Under conditions similar to the Faustmann forestry problem, the optimal nourishment interval is fixed Smith et al. A coupled geoeconomic model is essential for understanding beach nourishment and other interventions because human interventions influence the erosion rate or other coastal changes. The newly placed sand diffuses as the shoreline returns to its equilibrium profile, thereby accelerating erosion immediately after nourishment. This means that more frequent nourishments increase the average erosion rate and sand usage.

Accelerated erosion in a nourished beach has interesting implications for optimal nourishment intervals, which can increase or decrease in response to higher sand costs. In other words, sand demand could slope upward for some range of sand costs Smith et al. Wave action spreads the nourishment sand alongshore, smoothing the bump quickly exponentially as the shoreline returns to equilibrium. Wave action redistributes nourishment sand to restore the equilibrium profile. Source: Adapted from Smith et al.

In the beach nourishment problem, an upward-sloping demand for nourishment sand reflects the interaction of the intensive and extensive margins i. Similarly, in the forestry problem, a price increase can cause the timber supply to slope downward because it shortens the rotation length of harvest, which decreases the average flow of timber to the market. Timber markets adjust at the extensive margin; that is, higher prices increase the profitability of having land in forestry such that the long-run supply of timber slopes upward Samuelson For the coastline, the relevant extensive margin is the width of the initial beach.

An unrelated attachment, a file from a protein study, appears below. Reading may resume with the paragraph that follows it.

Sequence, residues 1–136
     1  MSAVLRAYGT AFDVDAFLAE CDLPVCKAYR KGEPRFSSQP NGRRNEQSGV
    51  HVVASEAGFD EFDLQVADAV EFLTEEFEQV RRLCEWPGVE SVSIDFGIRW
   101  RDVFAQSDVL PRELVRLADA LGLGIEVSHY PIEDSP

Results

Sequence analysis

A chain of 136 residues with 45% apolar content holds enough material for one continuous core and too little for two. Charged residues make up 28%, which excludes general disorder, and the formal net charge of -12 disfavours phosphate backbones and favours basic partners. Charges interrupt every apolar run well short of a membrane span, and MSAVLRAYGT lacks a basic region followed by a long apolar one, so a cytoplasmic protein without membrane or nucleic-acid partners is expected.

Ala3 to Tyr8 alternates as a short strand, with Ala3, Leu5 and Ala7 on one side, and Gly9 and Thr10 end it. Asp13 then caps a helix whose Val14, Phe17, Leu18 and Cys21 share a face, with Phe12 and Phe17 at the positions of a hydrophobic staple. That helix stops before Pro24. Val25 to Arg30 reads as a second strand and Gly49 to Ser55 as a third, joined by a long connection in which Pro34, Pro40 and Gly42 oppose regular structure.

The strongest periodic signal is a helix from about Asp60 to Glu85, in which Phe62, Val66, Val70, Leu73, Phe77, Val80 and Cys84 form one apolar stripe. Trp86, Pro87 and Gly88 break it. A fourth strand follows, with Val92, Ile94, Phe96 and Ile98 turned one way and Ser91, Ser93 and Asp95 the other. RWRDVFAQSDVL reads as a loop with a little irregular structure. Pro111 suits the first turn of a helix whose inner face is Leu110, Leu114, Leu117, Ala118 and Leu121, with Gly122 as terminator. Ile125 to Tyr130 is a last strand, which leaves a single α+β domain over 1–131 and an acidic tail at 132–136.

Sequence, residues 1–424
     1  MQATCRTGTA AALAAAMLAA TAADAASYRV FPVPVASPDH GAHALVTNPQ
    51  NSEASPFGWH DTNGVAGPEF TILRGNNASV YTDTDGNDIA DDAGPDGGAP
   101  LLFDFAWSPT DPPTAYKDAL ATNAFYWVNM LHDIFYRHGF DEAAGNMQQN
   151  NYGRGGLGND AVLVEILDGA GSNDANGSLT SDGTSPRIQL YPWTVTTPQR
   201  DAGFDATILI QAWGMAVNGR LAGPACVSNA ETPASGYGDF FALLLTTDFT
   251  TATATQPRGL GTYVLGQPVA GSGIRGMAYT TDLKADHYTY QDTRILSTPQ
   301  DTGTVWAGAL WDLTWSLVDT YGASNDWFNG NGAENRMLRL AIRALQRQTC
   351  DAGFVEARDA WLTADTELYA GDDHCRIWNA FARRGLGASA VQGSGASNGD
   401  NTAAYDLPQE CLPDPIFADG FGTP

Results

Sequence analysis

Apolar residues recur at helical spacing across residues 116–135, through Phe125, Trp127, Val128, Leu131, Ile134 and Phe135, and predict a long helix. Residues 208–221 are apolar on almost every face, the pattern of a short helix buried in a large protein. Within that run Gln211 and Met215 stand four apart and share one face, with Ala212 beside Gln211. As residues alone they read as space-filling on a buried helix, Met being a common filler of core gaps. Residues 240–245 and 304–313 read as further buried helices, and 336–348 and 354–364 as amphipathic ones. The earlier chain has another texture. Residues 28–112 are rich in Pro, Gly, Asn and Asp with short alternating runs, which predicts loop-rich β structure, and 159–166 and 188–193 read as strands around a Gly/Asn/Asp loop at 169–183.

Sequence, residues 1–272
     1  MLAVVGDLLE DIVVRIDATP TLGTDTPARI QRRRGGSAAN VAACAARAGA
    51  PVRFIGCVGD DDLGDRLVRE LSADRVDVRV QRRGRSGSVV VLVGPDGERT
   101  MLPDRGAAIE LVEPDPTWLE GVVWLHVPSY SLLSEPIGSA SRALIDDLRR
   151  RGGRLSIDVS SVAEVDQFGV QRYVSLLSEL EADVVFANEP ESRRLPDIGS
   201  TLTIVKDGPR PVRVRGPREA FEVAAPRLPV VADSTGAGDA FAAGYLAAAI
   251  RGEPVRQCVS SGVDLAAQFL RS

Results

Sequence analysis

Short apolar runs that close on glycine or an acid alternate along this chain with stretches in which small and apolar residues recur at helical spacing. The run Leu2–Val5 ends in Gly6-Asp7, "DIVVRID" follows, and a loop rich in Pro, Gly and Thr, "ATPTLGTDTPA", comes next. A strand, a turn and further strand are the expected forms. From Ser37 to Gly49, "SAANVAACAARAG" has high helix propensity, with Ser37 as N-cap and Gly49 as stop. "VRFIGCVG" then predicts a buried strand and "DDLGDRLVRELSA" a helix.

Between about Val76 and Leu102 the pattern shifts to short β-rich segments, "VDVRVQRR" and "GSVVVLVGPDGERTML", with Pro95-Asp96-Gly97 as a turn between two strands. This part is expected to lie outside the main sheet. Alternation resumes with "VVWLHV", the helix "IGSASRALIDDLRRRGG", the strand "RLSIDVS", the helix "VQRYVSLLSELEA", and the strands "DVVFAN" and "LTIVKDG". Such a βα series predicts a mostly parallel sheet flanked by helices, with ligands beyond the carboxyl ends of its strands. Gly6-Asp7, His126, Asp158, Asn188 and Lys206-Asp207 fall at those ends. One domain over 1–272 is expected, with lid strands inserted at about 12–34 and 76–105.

Allowing this extensive margin to adjust inward eliminates the possibility of an upward-sloping input demand for sand Smith et al. However, this also raises questions about political feasibility— as sand becomes more expensive, will communities maintain narrower beaches even as they intervene to nourish them more often? Choices about which coastal adaptation interventions to pursue reflect other extensive margins of climate adaptation i. Early work on coastal climate adaptation focused exclusively on the extensive margin of retreat Yohe, Neumann, and Ameden Implicitly, there was no intensive margin i.

By analogy, climate adaptation in agriculture posits an intensive margin along which crop yields respond to temperature change and an extensive margin along which crop choice changes Mendelsohn, Nordhaus, and Shaw Thus the outer envelope of the temperature—yield—response curve, which allows crop substitution to occur, reflects the cost or benefit of warming on agriculture. In the case of coastal adaptation, the optimal erosion control strategy may evolve as climate changes. In North Carolina, where the dominant strategy is beach nourishment, if increased climate variability made nourishment unsustainable, communities would need to shift to defensive structures or retreat from the coast altogether Slott et al.